Child’s Play

They devoted themselves to the apostles’ teaching and to the fellowship, to the breaking of bread and to prayer. Everyone was filled with awe, and many wonders and miraculous signs were done by the apostles. All the believers were together and had everything in common. Selling their possessions and goods, they gave to anyone as he had need. Every day they continued to meet together in the temple courts. They broke bread in their homes and ate together with glad and sincere hearts, praising God and enjoying the favor of all the people. And the Lord added to their number daily those who were being saved. (Acts 2:42–47, NIV 1984).

My Musings – Read any good books lately? Here’s a line from the last book I read. “Whoever we are and whatever we do, our families hold us together like glue. Whenever we need them, they’ll come when we call. They’re ready to catch us if ever we fall.” (Patricia Hegarty, “We Are Family”).

This is true about “real” families (or at least it should be), and it is true about churches (or at least it should be). Yet just about every survey reveals that church attendance continues to decline, even among those who claim to be committed Christians. While the overall decline is not surprising in a culture that is becoming more and more secularized, the decline among committed Christians should be. Perhaps an indication that the culture is having an increasingly greater impact even among the self-professed committed faithful than their faithfulness would suggest.

When people withdraw from a family, “real” or the Church, they are withdrawing from both the benefits that the family provides and the responsibilities that it requires. And while worship can and does happen just about anywhere, fellowship and accountability cannot.

My Advice“Let us hold unswervingly to the hope we profess, for he who promised is faithful. And let us consider how we may spur one another on toward love and good deeds. Let us not give up [forsake the] meeting together, as some are in the habit of doing, but let us encourage one another—and all the more as you see the Day approaching.” (Hebrews 10:22–25, NIV 1984). If we’ve made a habit of forsaking the fellowship of believers, this verse is saying that we are not holding on “unswervingly” to the faith that we profess. If so, then we need to consider how that might affect us, the family of believers we “belong” to, and the “well done good and ‘faithful’ servant” greeting we hope to hear some day.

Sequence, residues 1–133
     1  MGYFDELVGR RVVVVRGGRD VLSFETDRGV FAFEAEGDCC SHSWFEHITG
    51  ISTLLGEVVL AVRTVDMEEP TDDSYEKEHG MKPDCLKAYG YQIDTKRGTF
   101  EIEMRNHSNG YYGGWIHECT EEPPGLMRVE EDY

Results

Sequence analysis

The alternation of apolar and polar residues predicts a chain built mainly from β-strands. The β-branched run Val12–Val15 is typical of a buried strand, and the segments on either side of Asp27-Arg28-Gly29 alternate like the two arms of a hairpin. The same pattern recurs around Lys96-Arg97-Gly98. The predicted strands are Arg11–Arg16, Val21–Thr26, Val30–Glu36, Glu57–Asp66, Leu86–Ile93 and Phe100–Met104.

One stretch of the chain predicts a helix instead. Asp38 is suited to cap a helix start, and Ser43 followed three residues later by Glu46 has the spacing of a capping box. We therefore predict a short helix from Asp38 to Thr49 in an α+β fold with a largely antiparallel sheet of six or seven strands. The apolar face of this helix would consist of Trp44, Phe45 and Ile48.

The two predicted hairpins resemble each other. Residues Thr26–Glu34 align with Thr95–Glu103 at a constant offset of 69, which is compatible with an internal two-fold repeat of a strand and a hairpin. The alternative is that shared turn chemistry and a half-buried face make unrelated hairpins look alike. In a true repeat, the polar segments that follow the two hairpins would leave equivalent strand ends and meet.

By the way, the book I just read, it was a children’s book that I read to my grandson. Now at three months he does not understand what is being read to him but is soothes him. Devotion to the fellowship is not only soothing to the soul, but also child’s play (a task which is easily accomplished).

Author: thebrewisamusing

I was raised in a Christian family and my earliest childhood memories include regular Sunday school and Church attendance as a family. I was taught that our Judeo-Christian values were not just a part of our Sunday routine they should be part of our character and influence all aspects of our lives. I was also taught that as important as these values were they could not save us. We must also be “born again” by accepting Christ.

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